Though they may not always be accurate, these “weather influencers” are gaining followers for being available to take questions online.
- A community of weather enthusiasts, who provide hyperlocal weather predictions via X, YouTube, and WhatsApp, are gaining popularity in India.
- In some cases, they are replacing government weather departments, which lack the manpower and funds to focus on making localized predictions.
- They make assessments based on publicly available data and their own findings. Some also have dedicated setups to observe changes in weather.
Elderly villagers in India remember a time when a designated person from the community would climb up a nearby hillock, peer at the sky, study the clouds, and predict the weather. Shyamappa, 84, recalls making such predictions for her village Alagawadi, located in the southern state of Karnataka. “I was correct about half the time,” she told Rest of World.
This enthusiasm for making weather predictions has now gone digital, with easy access to weather data and technology. A network of young “weather influencers” across India is predicting the weather for specific towns, villages, and even neighborhoods — and then sharing updates through social media or WhatsApp groups.
Some have even gained government recognition. In the July 2021 episode of Prime Minister Narendra Modi’s radio broadcast, Mann Ki Baat, he praised the then 24-year-old IT professional and weather influencer Sai Praneeth for helping farmers in Andhra Pradesh with his timely weather updates in Telugu.
“It might be raining in one neighborhood but the one next to it might be dry,” K Srikanth, a Chennai-based marketing professional and weather influencer, told Rest of World. He posts updates on his blog, and on social media platform X via his account @ChennaiRains. Srikanth, who grew up in a small town near the coastal city of Puducherry, began taking an active interest in weather patterns after Cyclone Thane hit his hometown in December 2011. He has since gained credibility in local groups as a weather predictor and analyst.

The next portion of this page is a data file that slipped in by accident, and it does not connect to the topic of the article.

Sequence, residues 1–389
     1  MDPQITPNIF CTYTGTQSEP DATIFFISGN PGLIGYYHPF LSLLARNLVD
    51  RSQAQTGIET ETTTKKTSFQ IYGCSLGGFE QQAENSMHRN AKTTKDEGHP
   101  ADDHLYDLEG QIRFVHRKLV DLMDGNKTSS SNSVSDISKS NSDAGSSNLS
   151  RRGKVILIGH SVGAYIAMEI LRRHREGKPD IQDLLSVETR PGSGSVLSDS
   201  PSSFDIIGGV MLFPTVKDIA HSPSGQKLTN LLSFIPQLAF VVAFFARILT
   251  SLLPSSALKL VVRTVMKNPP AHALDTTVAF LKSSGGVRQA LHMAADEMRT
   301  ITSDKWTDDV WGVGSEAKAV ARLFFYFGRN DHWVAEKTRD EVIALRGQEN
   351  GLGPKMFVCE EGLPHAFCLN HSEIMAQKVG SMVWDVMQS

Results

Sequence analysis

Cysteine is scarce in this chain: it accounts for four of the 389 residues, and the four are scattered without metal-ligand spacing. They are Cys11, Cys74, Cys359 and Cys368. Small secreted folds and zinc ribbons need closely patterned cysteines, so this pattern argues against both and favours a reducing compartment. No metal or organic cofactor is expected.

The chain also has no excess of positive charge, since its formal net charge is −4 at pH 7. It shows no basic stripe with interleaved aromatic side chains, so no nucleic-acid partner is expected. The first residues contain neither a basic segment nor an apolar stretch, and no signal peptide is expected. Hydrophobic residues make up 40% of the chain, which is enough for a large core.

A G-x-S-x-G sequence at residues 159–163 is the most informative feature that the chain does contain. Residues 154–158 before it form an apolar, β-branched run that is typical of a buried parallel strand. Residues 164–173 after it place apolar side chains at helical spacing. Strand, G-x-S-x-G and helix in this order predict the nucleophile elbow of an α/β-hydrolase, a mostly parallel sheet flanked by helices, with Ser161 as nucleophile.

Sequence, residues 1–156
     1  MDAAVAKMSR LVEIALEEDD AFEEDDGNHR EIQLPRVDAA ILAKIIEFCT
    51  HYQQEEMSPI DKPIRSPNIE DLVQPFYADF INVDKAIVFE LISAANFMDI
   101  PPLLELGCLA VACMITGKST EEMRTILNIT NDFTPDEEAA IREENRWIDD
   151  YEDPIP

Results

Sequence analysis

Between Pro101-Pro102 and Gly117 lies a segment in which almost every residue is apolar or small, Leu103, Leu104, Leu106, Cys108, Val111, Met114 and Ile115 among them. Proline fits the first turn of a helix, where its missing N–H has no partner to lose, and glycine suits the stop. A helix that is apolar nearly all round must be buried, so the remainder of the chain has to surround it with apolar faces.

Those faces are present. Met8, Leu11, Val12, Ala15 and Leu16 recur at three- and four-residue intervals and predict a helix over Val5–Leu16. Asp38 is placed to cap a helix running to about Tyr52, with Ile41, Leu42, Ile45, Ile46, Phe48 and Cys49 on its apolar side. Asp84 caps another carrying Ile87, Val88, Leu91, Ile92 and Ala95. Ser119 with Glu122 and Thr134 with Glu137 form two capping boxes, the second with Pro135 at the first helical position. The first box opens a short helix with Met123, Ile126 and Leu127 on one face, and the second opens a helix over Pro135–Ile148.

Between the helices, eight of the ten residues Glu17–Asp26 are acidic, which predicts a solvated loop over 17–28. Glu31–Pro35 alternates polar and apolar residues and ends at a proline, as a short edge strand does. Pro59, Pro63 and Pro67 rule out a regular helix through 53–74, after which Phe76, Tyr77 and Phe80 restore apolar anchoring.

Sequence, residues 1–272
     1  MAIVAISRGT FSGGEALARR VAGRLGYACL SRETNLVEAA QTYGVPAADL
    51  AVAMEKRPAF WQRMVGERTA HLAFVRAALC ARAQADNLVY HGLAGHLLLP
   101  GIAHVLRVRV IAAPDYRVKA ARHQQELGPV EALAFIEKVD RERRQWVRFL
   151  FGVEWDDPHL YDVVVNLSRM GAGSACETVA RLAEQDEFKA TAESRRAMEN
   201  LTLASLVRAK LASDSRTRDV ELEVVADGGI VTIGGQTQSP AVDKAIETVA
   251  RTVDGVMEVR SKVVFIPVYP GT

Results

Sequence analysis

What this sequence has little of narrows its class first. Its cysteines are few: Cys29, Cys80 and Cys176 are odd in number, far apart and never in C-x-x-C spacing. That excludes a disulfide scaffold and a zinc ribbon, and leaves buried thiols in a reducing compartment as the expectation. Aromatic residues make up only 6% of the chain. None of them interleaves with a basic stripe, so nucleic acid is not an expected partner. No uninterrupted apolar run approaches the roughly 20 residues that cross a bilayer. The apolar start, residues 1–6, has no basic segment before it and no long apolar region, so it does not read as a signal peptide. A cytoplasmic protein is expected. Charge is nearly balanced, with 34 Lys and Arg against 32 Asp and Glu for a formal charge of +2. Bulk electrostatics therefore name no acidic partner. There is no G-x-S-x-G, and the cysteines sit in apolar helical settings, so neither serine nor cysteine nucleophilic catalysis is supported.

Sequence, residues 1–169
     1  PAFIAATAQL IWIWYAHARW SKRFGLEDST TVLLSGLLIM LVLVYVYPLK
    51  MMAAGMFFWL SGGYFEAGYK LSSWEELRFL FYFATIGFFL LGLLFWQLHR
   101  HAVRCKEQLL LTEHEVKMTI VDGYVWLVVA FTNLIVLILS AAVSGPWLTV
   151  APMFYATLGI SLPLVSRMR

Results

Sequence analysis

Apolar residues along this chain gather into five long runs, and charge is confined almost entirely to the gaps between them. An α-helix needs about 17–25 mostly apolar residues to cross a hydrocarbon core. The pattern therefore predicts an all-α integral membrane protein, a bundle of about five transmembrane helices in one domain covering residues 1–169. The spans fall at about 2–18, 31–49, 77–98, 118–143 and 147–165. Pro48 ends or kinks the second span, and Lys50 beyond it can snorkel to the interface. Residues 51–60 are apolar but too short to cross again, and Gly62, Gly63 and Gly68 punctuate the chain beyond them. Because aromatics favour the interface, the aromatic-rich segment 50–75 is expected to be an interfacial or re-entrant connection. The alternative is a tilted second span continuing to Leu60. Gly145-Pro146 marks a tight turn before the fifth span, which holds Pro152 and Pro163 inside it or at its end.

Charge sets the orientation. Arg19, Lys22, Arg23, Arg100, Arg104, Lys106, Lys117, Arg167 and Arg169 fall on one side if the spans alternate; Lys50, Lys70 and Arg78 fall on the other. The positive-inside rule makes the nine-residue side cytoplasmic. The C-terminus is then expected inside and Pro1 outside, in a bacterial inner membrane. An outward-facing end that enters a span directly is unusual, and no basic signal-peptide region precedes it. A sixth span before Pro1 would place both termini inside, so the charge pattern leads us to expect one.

Weather data is collected globally by using satellite information, aircraft sensors, and on-ground observations. It is then organized and put in the public domain by weather data generators such as the Global Forecast System, the European Centre for Medium-Range Weather Forecasts, and the India Meteorological Department (IMD). Though weather influencers consult these official sources, they told Rest of World they also observe weather patterns on their own.
“We observe, we have experience, and we understand,” said Srikanth, who has set up a personal weather station at home to measure local temperature, relative humidity, pressure, rainfall, wind speed, and wind direction. A mobile app connected to this station sends him real-time data. The whole setup cost him around $60, Srikanth said. He often gets requests from event organizers to confirm weather predictions ahead of outdoor events.
“We need to join the dots between macro events such as El Nino and the depression in the sea right next to our region,” Biswajit Sahoo, an oceanography student who posts on X as Odisha Weatherman, told Rest of World. “It is not about reading the numbers at all; it is about keeping track of the patterns over a longer period of time.” Sahoo said he looks at data shared by the meteorological departments of countries to the east of India — Thailand or Bangladesh — every night. “This has been my routine since the pandemic years,” he said.